There’s nothing quite like having children to put your own upbringing in perspective. Looking back, saxophonist Joshi Marshall realizes that growing up in west Berkeley in the 1970s and 80s with two prominent musicians for parents provided a fabulously rich creative environment, albeit one with little of the structure that he provides for his two kids.
“There was no nighttime routine,” Marshall recalls. “There were real artists over playing music all the time and everything was about music and art. It was like, you sleep here and you sleep there, and you have to be part of our trip. It was such an unorthodox way of raising kids. But I wouldn’t trade it for anything, there was so much love.”
Best known as a founding member of Mingus Amungus, the pioneering jazz/hip hop combo directed by bassist and fellow Berkeley High alum Miles Perkins, Marshall has been a scarce presence on Bay Area stages in recent years as he’s thrown himself into teaching music. He makes two rare hometown appearances in the next few weeks, playing Friday at Jupiter with drummer Bryan Bowman and Lorenzo Farrell on Hammond B-3 organ, and Valentine’s Day at Chez Panisse.
The Jupiter combo is a new project that’s taken shape as bassist Lorenzo Farrell, a longtime member of the popular blues band Rick Estrin and the Night Cats, has increasingly concentrated on the organ. A Berkeley High grad who went on to earn a philosophy degree from Cal, Farrell brings his deep knowledge of the low end to the B-3, laying down supple bass lines with the instrument’s pedals.
“I love that sound,” Marshall says. “We’re playing half originals and half covers that aren’t necessarily jazz tunes, including songs by The Kinks, Jimmy Cliff, and Bob Marley. It’s really open and loosely structured, as if Stanley Turrentine and Jimmy Smith took psychedelics and went to a Pink Floyd concert.”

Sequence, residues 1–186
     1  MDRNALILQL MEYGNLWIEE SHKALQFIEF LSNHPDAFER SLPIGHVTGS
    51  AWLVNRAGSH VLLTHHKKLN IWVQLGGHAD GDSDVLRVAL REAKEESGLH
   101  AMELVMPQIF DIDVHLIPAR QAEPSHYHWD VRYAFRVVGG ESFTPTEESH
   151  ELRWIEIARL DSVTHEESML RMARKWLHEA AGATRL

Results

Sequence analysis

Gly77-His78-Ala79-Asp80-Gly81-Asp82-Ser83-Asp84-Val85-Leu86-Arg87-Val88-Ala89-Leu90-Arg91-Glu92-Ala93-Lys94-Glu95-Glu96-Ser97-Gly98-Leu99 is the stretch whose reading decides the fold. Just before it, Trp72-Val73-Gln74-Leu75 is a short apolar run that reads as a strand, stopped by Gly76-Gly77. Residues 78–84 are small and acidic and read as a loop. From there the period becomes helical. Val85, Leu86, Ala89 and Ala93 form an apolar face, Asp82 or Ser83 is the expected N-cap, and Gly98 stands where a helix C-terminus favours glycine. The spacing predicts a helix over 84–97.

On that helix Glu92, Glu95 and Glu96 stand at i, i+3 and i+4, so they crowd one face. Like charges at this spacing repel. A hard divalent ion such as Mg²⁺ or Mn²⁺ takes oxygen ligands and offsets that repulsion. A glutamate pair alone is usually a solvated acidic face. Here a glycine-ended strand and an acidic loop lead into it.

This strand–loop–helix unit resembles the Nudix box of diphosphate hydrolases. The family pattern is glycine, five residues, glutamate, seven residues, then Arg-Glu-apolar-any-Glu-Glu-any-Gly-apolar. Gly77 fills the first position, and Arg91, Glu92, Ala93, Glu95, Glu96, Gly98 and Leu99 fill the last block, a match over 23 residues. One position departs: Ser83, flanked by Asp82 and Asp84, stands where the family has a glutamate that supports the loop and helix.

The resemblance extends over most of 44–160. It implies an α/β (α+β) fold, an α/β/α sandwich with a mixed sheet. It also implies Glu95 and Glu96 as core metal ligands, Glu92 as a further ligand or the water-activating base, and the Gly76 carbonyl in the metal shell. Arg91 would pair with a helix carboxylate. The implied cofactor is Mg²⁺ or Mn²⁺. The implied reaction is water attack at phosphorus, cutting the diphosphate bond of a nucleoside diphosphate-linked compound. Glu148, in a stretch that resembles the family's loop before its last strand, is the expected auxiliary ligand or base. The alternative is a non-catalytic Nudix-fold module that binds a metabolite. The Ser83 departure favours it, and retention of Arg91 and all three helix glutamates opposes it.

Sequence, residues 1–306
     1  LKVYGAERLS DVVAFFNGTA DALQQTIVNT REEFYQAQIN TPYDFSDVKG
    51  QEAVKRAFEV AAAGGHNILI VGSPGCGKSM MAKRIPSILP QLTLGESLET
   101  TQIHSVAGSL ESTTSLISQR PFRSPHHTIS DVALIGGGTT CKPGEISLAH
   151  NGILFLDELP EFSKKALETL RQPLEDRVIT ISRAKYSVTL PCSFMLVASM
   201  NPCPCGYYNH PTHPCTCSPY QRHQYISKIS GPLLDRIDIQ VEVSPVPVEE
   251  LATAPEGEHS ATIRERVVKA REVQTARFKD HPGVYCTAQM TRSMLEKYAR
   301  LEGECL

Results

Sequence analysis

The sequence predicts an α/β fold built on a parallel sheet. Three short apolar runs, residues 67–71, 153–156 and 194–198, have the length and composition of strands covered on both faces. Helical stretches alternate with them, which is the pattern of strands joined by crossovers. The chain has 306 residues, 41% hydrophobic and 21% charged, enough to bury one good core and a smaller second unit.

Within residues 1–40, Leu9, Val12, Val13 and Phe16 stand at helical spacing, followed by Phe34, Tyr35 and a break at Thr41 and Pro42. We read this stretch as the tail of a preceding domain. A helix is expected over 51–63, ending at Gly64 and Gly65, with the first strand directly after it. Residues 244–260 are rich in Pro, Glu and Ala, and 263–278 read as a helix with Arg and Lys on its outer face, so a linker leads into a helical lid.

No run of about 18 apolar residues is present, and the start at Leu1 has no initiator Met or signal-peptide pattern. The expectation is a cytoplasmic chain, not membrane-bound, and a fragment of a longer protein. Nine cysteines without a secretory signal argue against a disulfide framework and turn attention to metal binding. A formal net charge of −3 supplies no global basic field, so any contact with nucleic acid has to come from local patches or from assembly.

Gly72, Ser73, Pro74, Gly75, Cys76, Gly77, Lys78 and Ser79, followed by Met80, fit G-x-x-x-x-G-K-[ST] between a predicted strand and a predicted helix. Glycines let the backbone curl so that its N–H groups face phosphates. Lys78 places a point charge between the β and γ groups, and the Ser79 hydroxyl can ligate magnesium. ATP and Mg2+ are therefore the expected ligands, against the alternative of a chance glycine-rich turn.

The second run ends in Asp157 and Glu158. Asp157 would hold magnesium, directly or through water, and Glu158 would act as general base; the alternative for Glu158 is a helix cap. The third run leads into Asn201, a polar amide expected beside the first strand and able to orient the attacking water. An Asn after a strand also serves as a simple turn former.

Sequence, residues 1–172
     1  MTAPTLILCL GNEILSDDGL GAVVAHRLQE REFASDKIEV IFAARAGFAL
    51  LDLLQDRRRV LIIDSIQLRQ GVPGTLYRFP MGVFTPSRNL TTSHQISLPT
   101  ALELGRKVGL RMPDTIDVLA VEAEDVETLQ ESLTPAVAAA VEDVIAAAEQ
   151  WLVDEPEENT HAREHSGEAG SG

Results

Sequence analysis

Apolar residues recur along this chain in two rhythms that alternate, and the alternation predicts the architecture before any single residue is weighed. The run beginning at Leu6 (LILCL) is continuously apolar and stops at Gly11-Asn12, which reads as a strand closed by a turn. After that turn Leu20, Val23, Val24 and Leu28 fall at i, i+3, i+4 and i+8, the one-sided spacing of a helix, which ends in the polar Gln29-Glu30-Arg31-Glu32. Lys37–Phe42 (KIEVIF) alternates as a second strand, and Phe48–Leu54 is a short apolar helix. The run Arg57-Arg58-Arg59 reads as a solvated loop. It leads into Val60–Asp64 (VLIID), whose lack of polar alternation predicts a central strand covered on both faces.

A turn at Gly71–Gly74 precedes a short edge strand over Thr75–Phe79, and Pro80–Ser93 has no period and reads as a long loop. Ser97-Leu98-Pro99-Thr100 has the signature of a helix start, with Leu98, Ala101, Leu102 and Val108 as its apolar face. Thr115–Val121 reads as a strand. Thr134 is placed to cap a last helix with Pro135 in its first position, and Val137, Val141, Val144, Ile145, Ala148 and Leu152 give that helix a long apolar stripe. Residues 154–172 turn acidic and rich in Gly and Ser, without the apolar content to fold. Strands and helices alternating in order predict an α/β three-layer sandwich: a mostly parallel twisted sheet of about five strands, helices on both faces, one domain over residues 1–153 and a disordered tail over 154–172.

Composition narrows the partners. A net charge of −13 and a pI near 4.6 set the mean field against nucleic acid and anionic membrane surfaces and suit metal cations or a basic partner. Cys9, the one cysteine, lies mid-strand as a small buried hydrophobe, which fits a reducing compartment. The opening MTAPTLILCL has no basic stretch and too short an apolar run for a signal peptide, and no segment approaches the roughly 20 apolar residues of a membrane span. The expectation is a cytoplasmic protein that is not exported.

If the Jupiter gig is all about grooving hard, the Chez Panisse show focuses on romantic music and ballads, “fine music and fine dining at its best,” Marshall says. He’s played many a Valentine’s Day show at the iconic restaurant, a legacy of his employment there as a dishwasher in his late teens. At the time he was an apprentice musician playing blues and jazz with vocalist Faye Carol, who provided the ideal training for a fateful encounter with Charles Brown. The blues legend, whose cool West Coast sound influenced future stars like Ray Charles, Percy Mayfield and Floyd Dixon, performed at Chez Panisse on New Year’s Eve for several years when he was living in the East Bay.
Coaxed by the restaurant’s servers, Marshall asked to sit in with Brown, “and he kept me up there playing for half a set while the sinks filled up with dishes,” Marshall says. “At the end he said, ‘we all know that boy don’t belong in that dish room,’ which made it kind of hard to go back to work.”